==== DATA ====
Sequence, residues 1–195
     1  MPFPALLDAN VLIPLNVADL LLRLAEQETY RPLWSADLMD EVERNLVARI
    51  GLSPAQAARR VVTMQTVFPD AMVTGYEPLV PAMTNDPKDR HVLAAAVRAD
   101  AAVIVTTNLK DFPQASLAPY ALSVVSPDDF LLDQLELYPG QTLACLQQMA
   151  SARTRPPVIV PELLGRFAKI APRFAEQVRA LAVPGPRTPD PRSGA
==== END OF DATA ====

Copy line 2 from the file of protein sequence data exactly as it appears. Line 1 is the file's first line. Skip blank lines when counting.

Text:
     1  MPFPALLDAN VLIPLNVADL LLRLAEQETY RPLWSADLMD EVERNLVARI